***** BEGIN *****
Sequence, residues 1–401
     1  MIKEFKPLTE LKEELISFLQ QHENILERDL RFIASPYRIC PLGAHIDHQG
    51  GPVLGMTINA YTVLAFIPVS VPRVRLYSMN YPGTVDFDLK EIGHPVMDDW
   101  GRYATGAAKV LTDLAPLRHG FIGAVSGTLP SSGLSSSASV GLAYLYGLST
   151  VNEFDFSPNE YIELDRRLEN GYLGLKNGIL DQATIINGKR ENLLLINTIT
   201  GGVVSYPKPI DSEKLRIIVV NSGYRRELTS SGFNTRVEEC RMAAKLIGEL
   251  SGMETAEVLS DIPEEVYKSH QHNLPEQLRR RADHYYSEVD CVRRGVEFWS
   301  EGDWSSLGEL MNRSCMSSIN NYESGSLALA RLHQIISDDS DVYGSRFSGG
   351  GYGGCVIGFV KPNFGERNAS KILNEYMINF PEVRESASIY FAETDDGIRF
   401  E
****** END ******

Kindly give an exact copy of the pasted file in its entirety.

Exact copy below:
Sequence, residues 1–401
     1  MIKEFKPLTE LKEELISFLQ QHENILERDL RFIASPYRIC PLGAHIDHQG
    51  GPVLGMTINA YTVLAFIPVS VPRVRLYSMN YPGTVDFDLK EIGHPVMDDW
   101  GRYATGAAKV LTDLAPLRHG FIGAVSGTLP SSGLSSSASV GLAYLYGLST
   151  VNEFDFSPNE YIELDRRLEN GYLGLKNGIL DQATIINGKR ENLLLINTIT
   201  GGVVSYPKPI DSEKLRIIVV NSGYRRELTS SGFNTRVEEC RMAAKLIGEL
   251  SGMETAEVLS DIPEEVYKSH QHNLPEQLRR RADHYYSEVD CVRRGVEFWS
   301  EGDWSSLGEL MNRSCMSSIN NYESGSLALA RLHQIISDDS DVYGSRFSGG
   351  GYGGCVIGFV KPNFGERNAS KILNEYMINF PEVRESASIY FAETDDGIRF
   401  E